Under the direction of Pamala Zora, Spirit AeroSystems has implemented many
programs around its facility to qualify them for the Green Business Award. Since 2009, Spirit
AeroSystems has processed over 3300 tons to the Covanta facility. They have collected over
340 tons of cardboard to National Waste since 2011. Spirit AeroSystems also has many smaller
programs in operation. They collect solvent rags that are sent out to be processed. The
company they work with extracts the chemicals and Spirit then reuses the rags. They send oil
and petroleum fuels to Systech where they’re processed for fossil fuel replacement. Spirit
AreoSystems collects metal roll off containers that are taken to local recyclers in Tulsa. They
also have compactors all around their facility for cardboard recycling.
2012 Oklahoma Recycling
Government – TARE
After more than four years of extensive research and
planning, the Tulsa Authority of Energy (T.A.R.E.) and the
City of Tulsa recently implemented a new cart-based,
pay-as-you-throw residential refuse and recycling
program. With recycling being a central program feature,
this new collection service provides Tulsans with more
convenient, efficient and sustainable methods to dispose
of trash, recycling and green waste. Under this new
system, more than 85% of a household’s refuse can be
recycled. As part of this new service, approximately
111,000 of the city’s more than 116,000 residential
customers opted to participate in recycling and accept a
96-gallon recycling cart. This recycling participation will
have a significant impact on the volume of recyclables
collected and it is anticipated that as a result, new jobs
and market opportunities will be created.
2012 Oklahoma Recycler of the Year – Kenneth
Kenny Burkett is a remarkable visionary Burkett
of waste recycling. His companies include American
Waste Control, which is the largest commercial collection company in Tulsa, Tulsa Recycle and
Transfer, which is home to the brand new recycling facility called Mr. Murph, and American
Environmental Landfill (AEL), which has been recognized as the best managed landfill in the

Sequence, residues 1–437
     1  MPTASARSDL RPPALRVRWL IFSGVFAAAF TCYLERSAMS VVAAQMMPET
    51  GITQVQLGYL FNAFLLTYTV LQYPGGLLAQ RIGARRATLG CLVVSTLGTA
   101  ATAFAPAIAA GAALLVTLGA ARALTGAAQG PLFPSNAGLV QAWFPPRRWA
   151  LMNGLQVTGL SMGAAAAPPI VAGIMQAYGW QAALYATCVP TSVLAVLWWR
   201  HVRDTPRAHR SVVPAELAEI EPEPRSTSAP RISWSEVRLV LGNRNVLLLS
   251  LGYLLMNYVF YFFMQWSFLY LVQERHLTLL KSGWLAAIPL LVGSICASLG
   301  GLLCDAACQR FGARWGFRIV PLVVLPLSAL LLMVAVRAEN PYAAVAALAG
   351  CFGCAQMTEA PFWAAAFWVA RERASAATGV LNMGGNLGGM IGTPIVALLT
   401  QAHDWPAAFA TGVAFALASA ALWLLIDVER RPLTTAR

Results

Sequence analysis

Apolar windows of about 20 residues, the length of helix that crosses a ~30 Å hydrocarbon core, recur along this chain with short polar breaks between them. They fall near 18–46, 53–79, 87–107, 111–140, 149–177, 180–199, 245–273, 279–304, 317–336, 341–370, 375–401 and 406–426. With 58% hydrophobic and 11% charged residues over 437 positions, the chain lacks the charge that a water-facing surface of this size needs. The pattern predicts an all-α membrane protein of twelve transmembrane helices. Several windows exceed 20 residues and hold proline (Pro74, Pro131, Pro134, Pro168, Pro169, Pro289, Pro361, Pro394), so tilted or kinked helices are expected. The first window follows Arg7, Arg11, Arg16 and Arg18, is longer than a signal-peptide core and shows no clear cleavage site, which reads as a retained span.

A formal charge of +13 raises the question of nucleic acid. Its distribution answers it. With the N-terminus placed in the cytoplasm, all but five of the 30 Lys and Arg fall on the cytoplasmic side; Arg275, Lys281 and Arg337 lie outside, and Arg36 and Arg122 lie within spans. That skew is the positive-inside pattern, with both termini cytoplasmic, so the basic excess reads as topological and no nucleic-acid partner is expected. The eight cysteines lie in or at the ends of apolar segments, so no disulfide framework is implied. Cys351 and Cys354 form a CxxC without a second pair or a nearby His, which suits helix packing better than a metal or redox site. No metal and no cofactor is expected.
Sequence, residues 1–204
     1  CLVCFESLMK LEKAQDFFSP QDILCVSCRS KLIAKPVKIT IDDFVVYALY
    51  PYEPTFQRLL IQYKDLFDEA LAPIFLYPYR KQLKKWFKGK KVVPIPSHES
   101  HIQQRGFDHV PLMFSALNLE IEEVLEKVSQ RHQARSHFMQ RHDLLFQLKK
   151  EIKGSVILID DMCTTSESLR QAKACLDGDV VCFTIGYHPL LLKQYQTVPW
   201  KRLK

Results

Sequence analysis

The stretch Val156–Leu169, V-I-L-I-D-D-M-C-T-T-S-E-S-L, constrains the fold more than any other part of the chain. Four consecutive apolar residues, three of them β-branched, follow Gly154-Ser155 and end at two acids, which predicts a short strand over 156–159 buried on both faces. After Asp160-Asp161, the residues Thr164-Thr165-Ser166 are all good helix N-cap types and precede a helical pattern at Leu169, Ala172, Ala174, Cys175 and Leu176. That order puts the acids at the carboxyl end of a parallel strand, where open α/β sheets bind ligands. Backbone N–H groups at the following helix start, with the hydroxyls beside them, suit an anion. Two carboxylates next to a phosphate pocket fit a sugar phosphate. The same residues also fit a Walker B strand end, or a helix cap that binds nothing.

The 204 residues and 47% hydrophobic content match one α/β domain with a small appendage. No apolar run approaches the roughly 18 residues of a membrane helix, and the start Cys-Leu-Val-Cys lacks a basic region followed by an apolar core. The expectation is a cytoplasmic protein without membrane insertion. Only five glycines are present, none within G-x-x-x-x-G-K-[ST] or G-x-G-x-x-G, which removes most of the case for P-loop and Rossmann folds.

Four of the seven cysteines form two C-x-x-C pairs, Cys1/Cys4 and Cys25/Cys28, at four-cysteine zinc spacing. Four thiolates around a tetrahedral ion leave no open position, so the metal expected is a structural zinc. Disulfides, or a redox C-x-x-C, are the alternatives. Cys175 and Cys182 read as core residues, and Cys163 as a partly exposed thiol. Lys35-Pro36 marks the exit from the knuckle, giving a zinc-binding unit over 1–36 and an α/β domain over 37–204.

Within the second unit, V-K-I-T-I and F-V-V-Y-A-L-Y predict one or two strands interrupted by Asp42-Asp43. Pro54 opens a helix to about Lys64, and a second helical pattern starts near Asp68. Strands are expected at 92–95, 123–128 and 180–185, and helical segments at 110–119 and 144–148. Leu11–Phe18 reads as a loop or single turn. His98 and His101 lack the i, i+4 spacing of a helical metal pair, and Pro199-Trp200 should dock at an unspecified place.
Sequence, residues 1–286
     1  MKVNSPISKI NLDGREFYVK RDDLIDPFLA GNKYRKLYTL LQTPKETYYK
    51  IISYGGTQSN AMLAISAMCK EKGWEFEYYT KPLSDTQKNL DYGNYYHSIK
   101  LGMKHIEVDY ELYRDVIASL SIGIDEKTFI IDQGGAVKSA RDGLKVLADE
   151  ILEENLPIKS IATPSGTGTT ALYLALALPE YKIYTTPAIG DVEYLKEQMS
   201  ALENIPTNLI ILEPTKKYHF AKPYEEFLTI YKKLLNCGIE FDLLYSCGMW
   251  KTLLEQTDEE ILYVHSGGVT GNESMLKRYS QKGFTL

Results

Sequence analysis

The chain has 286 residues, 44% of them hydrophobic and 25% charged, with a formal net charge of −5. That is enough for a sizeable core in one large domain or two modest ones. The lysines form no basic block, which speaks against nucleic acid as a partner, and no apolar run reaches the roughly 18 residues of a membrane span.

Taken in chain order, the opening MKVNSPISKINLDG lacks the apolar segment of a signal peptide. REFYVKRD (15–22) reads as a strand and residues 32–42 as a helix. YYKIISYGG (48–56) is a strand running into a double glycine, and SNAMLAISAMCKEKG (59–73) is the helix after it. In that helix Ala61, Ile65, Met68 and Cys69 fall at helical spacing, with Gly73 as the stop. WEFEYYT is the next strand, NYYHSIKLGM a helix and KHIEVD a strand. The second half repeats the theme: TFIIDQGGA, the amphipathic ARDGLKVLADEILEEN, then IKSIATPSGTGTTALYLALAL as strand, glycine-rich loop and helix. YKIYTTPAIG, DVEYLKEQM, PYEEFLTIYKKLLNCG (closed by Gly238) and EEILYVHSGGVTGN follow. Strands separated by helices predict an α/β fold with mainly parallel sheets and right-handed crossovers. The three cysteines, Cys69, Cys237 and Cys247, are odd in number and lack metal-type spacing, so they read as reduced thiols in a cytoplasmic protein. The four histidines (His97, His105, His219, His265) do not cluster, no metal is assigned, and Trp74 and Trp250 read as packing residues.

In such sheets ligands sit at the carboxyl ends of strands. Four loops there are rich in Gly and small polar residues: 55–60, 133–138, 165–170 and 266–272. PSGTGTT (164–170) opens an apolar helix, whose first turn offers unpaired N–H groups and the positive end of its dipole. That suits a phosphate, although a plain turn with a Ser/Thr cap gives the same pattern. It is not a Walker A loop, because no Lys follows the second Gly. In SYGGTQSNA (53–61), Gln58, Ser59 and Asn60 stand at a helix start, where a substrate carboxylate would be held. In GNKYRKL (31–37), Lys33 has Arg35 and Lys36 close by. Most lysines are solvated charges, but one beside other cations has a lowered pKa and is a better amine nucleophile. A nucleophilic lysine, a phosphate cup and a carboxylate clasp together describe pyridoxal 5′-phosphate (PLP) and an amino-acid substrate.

Kenny is probably best known in Tulsa for his company’s recent Mr. Murph initiatives to help
reduce the city’s waste through recycling and saving resources. American Waste Control and
TRT officially launched their Material Recovery Facility (Mr. Murph) in March 2011 with the
expectation of increasing Tulsa’s recycling rates and reducing area landfills. Today, the facility
is enabling Tulsa to recycle more products than ever before, including plastics, aluminum,
cardboard, glass and paper, due to Mr. Murph’s advanced recycling automation.
Recycling rates in Tulsa have skyrocketed because of Kenny’s leadership and caring approach
to our environment. He also initiated an innovative approach at his disposal site, American
Environmental Landfill, for using non-recyclable trash residue to produce renewable energy
and provide over 4,000 homes in Sand Springs with power.
2012 Oklahoma Recycler of the Year – Kenneth
Kenny recently received an award
the National Solid Waste Management
Association for his professional impact
in the area of waste management, plus,
his innovative efforts for implementing
“Mr. Murph” recycling programs
throughout Tulsa. With over 50 years of
experience in the waste industry, Kenny
is a pioneering, dynamic leader,
dedicated to recycling for not only Tulsa,
but all of Green Country.
Thank You!